The author of the Pulitzer Prize-winning “The Color Purple” has a deal with Simon & Schuster imprint 37 Ink to publish a selection of her private chronicles in 2017. The book is called “Gathering Blossoms Under Fire” and will be edited by Valerie Boyd. Boyd wrote a biography of Zora Neale Hurston, one of Walker’s literary idols.
“In defense of humans Lay down your sticks and stones Weapons and violence are better off left alone Cause you don’t rise when people fall I see you rot this world I see you ride this world I see you rape this world On, off, on, off, on, off And I don’t like what I […]
“People sometimes inquire what form of government is most suitable for an artist to live under. To this question there is only one answer. The form of government that is most suitable to the artist is no government at all.” – Oscar Wilde i was born in Kings County NYC otherwise known as the Peoples […]
The art community is digging out, drying off, counting its losses, helping its neighbors–and starting to prepare for the hurricanes of the future
Filmmaker Guy Maddin is helping to create the new Icelandic mythologies in Canada.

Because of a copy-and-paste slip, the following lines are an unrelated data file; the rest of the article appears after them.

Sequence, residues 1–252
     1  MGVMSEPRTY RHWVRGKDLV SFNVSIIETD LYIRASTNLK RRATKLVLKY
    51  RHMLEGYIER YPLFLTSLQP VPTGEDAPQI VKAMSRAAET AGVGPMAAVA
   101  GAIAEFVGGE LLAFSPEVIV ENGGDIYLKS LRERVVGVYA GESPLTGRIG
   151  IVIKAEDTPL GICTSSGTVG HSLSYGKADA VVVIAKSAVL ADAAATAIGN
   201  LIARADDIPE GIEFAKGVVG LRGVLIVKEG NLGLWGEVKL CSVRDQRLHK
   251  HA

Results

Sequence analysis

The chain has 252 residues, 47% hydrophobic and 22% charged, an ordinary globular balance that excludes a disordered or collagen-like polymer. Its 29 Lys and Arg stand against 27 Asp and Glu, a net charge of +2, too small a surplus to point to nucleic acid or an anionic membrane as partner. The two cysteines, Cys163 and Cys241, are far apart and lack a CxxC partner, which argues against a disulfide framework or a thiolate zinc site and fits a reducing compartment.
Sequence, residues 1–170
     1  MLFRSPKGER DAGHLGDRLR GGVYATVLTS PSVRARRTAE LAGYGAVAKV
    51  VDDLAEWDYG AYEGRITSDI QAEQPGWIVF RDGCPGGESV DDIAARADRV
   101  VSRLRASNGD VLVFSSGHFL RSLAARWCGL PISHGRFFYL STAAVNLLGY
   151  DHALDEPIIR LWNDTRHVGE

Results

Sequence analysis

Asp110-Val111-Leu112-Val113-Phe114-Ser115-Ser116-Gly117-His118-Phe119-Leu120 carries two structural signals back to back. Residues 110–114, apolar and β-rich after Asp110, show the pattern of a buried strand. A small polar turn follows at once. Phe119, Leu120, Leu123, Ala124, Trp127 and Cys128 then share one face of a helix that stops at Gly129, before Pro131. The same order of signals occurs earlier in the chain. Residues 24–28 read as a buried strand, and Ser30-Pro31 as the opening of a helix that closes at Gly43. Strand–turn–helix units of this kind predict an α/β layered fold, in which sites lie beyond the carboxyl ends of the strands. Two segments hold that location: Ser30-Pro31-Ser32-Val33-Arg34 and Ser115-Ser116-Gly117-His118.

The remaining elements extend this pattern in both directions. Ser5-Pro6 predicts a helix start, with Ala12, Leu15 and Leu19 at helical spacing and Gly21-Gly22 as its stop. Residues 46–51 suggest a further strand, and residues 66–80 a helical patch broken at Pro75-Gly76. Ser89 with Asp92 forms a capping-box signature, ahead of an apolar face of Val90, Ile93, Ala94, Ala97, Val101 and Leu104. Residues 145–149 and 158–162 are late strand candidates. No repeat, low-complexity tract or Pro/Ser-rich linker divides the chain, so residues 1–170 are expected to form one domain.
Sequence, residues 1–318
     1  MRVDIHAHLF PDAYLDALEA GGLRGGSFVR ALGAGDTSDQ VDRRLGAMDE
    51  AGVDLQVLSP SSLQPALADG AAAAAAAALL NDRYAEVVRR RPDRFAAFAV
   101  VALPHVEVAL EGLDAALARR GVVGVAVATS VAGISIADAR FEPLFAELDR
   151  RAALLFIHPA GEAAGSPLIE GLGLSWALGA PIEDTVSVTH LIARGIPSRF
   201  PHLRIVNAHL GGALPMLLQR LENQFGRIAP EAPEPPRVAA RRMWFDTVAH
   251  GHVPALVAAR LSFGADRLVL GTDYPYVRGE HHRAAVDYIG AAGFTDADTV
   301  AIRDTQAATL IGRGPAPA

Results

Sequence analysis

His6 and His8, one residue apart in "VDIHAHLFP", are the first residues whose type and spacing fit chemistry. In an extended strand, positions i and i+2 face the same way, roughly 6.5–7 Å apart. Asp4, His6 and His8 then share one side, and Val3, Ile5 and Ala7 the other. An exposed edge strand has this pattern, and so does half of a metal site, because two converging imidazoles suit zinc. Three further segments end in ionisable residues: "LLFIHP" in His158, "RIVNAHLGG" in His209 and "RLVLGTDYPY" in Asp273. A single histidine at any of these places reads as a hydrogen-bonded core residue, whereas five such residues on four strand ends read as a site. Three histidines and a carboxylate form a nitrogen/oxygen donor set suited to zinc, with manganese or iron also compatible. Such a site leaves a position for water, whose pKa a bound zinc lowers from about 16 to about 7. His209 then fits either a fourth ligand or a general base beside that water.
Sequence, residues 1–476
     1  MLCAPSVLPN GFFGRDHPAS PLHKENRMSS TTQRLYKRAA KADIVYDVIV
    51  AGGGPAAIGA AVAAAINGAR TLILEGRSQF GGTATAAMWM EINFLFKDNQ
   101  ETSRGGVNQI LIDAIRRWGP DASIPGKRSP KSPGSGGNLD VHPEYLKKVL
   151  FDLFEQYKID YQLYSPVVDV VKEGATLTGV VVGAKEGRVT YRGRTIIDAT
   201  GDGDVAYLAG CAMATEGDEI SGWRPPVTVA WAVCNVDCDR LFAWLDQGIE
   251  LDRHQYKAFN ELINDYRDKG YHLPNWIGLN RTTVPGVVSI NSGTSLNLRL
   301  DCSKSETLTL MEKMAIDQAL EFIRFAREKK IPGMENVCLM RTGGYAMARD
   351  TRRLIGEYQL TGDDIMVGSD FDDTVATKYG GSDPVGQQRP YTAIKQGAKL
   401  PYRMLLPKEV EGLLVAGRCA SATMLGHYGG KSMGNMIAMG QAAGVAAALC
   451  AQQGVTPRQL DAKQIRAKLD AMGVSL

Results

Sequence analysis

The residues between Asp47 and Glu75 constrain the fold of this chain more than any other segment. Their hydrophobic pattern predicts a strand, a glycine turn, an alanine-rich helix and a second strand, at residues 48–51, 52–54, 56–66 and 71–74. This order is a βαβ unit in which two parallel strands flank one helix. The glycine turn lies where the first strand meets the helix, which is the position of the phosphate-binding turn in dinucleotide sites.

Beginning Jan. 21, the Dallas Museum of Art will take the unprecedented step of offering an unusual one-two punch: Free general admission and free memberships, making it the first art museum in the country to do so, DMA director Maxwell Anderson announced at a press conference this morning.
Malcolm Gladwell, author of “The Tipping Point” and a New Yorker staff writer, told me how he prepared, years ago, to write his first “Talk of the Town” story. “Talk” articles have a distinct style, and he wanted to make sure he got the voice straight in his head before he began writing. His approach was simple. He sat down and read 100 “Talk” pieces, one after the other.
Two graphic novels were shortlisted this week in separate categories of a prestigious literary prize. But can graphic novels ever be considered great literature like their more traditional counterparts?
It would appear that labelling a book unfilmable is a sure-fire way to get a filmmaker’s attention. How else to explain the multitude of book-inspired features currently at the multiplex, a good number of them drawn from challenging literary works chock full of the very things popular cinema generally tries to avoid?
Booksellers are poking fun at Amazon with a new Christmas campaign pushing the tongue-in-cheek title 101 Uses of a Dead Kindle. Seasonal selection includes 101 Uses of a Dead Kindle along with other ‘alternative’ gift tips.